When we speak of social responsibility, we are referring to certain specific guidelines that are set in a given society, with the aim of ensuring that co-existence is correct, peaceful and leads to well-being.
Social responsibility affects relationships with others, but also with oneself:
Tip 1: Commitment
One of the angles of social responsibility is commitment. We commit ourselves continuously. In our work, with family, friends, partners, etc. Commitment means making a promise to someone and keeping it.
It’s funny because on many occasions, we make promises to ourselves and we skip them. “On Monday I will start eating healthy for sure”, ” I’m going to the gym three days a week, no excuses”. I am absolutely sure that one of these promises rings a bell for you, and I am also sure that one of them has not been fulfilled. Don’t you think it’s strange that even though we’re committed to ourselves, we don’t carry out our promises? Imagine what would happen if you made those promises to someone else:
- “This Monday, yes or no, grandma, I’m going to take care of you”: But you don’t show up.
- “Today I have to work, but tomorrow I will help you to study son”: But you don’t help him.
- “I’m teaching at the gym three days a week.” But you don’t show up.
Why do responsibilities and commitment towards others seem more important than to ourselves?
Tip 2: Obligations
The second angle of social responsibility is obligations. They’re the ones that are taught from childhood. At every age and at every stage of life, it is up to us to learn and incorporate into our repertoire different tasks, in order to adapt ourselves to the society. These are our responsibilities and/or obligations.
Many times, these obligations are not said out loud, they are just assumed. We have certain activities that become a part of our obligations. For example, Mom always puts the washing machine in, Dad always does the shopping, my brother always takes out the dog, I set the table.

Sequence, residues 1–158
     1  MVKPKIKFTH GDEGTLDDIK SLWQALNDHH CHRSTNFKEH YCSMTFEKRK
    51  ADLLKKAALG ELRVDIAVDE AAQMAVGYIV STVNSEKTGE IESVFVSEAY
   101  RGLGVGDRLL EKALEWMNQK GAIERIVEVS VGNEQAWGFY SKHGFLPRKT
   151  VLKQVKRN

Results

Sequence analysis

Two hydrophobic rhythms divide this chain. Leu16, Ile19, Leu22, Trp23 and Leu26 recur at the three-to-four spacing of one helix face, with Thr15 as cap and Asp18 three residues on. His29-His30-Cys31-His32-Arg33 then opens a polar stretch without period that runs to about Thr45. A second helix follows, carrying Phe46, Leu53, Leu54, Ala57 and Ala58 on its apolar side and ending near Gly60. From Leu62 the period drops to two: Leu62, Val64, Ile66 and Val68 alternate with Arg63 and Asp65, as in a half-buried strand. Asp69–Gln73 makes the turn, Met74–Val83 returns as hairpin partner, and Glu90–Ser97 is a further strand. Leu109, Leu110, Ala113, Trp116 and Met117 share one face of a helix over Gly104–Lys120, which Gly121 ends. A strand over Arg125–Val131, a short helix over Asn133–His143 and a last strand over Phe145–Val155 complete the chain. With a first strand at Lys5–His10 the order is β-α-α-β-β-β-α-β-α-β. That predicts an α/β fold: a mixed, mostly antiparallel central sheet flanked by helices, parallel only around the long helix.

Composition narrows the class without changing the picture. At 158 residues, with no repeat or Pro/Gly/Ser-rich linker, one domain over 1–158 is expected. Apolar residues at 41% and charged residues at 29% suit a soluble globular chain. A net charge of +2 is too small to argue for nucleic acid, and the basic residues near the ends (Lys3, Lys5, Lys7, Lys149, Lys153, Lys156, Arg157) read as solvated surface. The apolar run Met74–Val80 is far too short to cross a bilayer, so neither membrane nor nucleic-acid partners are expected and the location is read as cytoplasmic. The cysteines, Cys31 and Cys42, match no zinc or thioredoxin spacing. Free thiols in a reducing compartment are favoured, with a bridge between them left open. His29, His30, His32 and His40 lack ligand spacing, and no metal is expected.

What if one day Mommy gets off work late? No clean clothes
What if one day my brother forgets to take the dog out? He pees inside the house
What if dad doesn’t have a car to go shopping that day? No food
They may seem extreme examples, because in general, what happens is that responsibilities rotate. However, sometimes this happens and we find ourselves in situations like “Mom, I don’t have any clothes!” Dad, you haven’t bought me the cookies I like!”,”John is grounded because the dog has peed!”
I invite you to consider examples in which the people around you had implicit obligations and responsibilities, not agreed upon, have failed to fulfill them, and it has become a conflict when it comes to assuming the consequences. Whose responsibility is it? Whose fault is it?
Tip 3: Willpower
Willpower could be defined when we continue to make efforts and sacrifices to achieve a goal or objective, which will bring us great satisfaction in achieving it.
This becomes more relevant when they are short-term goals. It’s easier to maintain willpower. Therefore, it is good to set small goals when the effort has to be very constant over a long period of time.
It also helps to wonder why. Why did I decide to do this? Do I still want that? What do I have to do to get it? Answering these questions will give you strength and make you reaffirm your decision, prompting you to continue forward!
As always, I invite you to comment below, what did you think? What do you do to be responsible? If you have any questions or want to share your opinion, go ahead.
This article is originally in Spanish written by Patricia Sanchez Seisdedos, translated by Alejandra Salazar.